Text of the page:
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Corporate India may once again disappoint the bulls on the Street with a subdued earnings season for the June-September 2016 quarter. The combined net profit for National Stock Exchange's Nifty 50 index companies is estimated to grow by a modest 3.1 per cent year-on-year (y-o-y), better than 2.7 per cent y-o-y decline during the preceding quarter but significantly worse than the high of March 2016 quarter.
The combined net sales for Nifty 50 companies are expected to inch up 3.3 per cent y-o-y during the second quarter, in line with growth in the previous two quarters. Like the previous few quarters, earnings growth is likely to be led by manufacturing companies such as automakers and cement firms besides oil and gas marketing companies (OMCs) such as Bharat Petroleum Corporation (BPCL) and GAIL.
While automakers such as Eicher Motors, Maruti Suzuki, Tata Motors and Hero MotoCorp will gain from recovery in sales volume and lower raw material costs, OMCs will continue to benefit from lower crude oil prices and fuel subsidy.
State-owned Bank of Baroda and aluminium producer Hindalco are likely to be star performers during the quarter. In comparison, large public sector and private sector banks and upstream energy producers such as Oil and Natural Gas Corporation (ONGC) will continue to drag corporate earnings.
For example, the Nifty 50 companies' combined net profit, excluding banks and financials, is likely to grow by 10.3 per cent y-o-y in the second quarter, a sharp improvement from 0.7 per cent decline in the first quarter.
The combined net profit of Nifty 50 companies, ex-bank & financial and energy, is estimated to grow by 9.8 per cent y-o-y during the second quarter against a 5 per cent decline in the previous quarter but a sharp deceleration from the highs of March 2016 quarter of 34.9 per cent.
The analysis is based on the June-September 2016 quarter earnings estimates by equity brokerages including Kotak Securities, Edelweiss Securities, Antique Stock Broking, Axis Direct, Motilal Oswal, IDBI Capital, Elara Capital and HDFC Securities. For banks and financial firms, net sales are gross revenues net of interest expenses, while for others it's total income from sales of goods and services (net of indirect taxes). Profits are reported net profit and may include exceptional gains and losses as estimated by brokerages.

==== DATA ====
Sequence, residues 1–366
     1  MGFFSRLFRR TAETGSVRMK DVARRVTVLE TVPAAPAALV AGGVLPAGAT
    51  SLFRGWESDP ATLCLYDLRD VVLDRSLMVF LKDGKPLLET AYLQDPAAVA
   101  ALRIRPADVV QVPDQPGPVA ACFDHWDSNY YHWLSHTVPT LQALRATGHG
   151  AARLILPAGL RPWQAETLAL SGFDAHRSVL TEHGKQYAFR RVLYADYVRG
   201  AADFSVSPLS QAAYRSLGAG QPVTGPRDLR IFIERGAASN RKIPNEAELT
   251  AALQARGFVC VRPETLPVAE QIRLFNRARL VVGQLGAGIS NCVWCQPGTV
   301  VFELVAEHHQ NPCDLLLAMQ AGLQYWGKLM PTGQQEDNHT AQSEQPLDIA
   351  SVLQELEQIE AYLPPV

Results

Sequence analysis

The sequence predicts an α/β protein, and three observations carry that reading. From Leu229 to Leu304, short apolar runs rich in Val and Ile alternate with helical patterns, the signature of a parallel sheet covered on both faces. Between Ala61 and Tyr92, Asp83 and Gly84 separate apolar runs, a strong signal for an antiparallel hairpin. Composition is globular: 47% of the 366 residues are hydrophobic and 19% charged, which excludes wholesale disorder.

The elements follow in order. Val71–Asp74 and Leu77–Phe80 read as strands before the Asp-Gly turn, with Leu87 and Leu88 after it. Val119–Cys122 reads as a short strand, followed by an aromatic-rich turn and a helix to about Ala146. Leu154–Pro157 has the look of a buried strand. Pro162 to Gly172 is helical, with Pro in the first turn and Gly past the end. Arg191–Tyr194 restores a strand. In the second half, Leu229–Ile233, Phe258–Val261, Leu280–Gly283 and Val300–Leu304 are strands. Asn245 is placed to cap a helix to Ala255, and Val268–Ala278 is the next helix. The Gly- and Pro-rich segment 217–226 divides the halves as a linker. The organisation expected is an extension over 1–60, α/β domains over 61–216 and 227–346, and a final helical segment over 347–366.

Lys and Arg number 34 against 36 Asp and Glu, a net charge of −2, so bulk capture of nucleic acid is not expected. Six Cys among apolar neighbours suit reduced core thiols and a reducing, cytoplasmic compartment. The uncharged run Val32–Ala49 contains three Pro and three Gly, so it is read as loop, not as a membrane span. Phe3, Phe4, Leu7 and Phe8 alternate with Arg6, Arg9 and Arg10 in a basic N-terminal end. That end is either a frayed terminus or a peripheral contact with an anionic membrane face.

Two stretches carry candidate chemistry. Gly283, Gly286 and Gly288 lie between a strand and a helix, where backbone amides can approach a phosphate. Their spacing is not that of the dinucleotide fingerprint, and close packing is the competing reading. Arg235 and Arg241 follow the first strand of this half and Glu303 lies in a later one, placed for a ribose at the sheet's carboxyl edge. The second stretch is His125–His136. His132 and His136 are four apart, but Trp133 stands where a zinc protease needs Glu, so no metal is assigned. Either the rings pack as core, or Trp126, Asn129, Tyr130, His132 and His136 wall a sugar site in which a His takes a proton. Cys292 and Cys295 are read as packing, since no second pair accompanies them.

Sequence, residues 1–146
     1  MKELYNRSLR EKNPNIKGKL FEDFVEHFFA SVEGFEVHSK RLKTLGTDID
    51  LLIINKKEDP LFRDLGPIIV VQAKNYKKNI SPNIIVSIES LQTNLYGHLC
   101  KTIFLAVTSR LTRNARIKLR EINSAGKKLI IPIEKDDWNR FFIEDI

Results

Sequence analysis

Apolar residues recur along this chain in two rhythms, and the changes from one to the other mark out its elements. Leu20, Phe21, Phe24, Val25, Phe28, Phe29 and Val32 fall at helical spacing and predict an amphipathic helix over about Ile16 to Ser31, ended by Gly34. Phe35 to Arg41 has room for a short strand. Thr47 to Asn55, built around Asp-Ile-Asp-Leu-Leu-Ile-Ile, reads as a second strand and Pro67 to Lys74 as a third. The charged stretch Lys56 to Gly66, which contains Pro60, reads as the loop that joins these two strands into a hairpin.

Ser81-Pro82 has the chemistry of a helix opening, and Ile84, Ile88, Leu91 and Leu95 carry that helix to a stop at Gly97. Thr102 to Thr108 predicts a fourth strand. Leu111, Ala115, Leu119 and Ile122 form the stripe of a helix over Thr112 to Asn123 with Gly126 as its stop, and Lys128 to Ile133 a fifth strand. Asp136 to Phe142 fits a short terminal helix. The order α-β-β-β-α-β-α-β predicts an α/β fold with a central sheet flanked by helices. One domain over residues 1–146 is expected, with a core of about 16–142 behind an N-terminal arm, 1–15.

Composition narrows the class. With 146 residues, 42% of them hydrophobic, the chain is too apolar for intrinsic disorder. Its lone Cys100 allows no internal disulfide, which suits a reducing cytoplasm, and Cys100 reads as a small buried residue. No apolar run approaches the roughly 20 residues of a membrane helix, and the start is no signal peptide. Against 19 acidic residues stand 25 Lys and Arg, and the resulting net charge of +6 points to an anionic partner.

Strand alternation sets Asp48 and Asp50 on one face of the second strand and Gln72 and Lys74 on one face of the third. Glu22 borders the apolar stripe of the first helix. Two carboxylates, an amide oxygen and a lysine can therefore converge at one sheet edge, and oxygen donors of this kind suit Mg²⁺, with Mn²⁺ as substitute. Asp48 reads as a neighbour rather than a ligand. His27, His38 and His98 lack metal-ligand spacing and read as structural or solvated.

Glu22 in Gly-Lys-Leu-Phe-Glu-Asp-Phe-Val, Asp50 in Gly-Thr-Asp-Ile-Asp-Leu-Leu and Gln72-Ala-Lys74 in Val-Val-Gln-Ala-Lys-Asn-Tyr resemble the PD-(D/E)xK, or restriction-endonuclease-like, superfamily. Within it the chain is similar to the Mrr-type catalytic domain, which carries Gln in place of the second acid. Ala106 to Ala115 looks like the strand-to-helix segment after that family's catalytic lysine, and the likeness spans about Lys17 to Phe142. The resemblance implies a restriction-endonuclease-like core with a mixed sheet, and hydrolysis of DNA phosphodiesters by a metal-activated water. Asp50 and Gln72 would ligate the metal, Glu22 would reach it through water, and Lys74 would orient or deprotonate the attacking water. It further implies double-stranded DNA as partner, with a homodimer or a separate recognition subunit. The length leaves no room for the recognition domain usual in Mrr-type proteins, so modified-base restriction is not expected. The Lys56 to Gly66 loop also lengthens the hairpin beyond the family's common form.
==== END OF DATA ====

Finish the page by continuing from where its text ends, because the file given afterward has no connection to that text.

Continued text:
Analyst expects broader sample of companies to report better numbers than those of index companies. For example, rating agency Crisil expects revenues of companies in key sectors - excluding BFSI and oil companies - to rise 7 per cent in the second quarter, making it the second-best showing in six quarters. Crisil expects Ebidta, or operating margin, to go up 50 basis points (bps).
The commentary from various brokerages suggests cautious optimism on the Street. "The level of profit growth is expected to remain subdued, but the sectoral trends are encouraging. Distressed cyclical sectors of past two years - metals and domestic investment companies - are expected to clock profit growth in teens or even higher. Even for banks, asset quality stress is unlikely to inch higher. However, improvement in these sectors is likely to be offset by poor or slowing growth in FMCG and IT, which are expected to report low mid-single digit profit growth," writes Edelweiss Securities' Prateek Parekh in the firm's report on second quarter earnings estimates. The brokerage expects a profit growth of 6 per cent for its universe of 200 companies.
Kotak Institutional Equity expects the combined net profit of its universe of 174 companies to increase by 15.3 per cent y-o-y in the second quarter, led by sharp increase in profits of downstream oil companies. "We expect y-o-y growth in net income (profit) of automobile, cement, consumer products and industrials sectors. We see banking sector dragging overall earnings as companies in the sector are likely to make high provisions for bad loans," writes Kotak's Sanjeev Prasad in the firm's Q2 earnings estimate report. The firm expects net profit of the BSE 30 companies to grow by 4 per cent y-o-y during the second quarter.
Some others are more cautious. "Leading indicators such as corporate tax collection suggest flat to negative earnings growth for Nifty 50 companies in the second quarter. Government corporate tax collections during the July-August 2016 period was down on y-o-y basis, indicating the stress on corporate profitability in the system," writes Dhananjay Sinha, head, institutional equity, Emkay Global Financial Services.
This will further widen the index valuation and the underlying fundamentals. "The Street was expecting 15-18 per cent y-o-y growth in the earnings of Nifty companies to justify current valuations. Bulls mat be disappointed by the end of the earnings season," adds Sinha.
Nifty 50 is currently trading at 23.5x its underlying trailing 12 months' earnings per share, near its 2015 high of 25x and around 23x a year ago.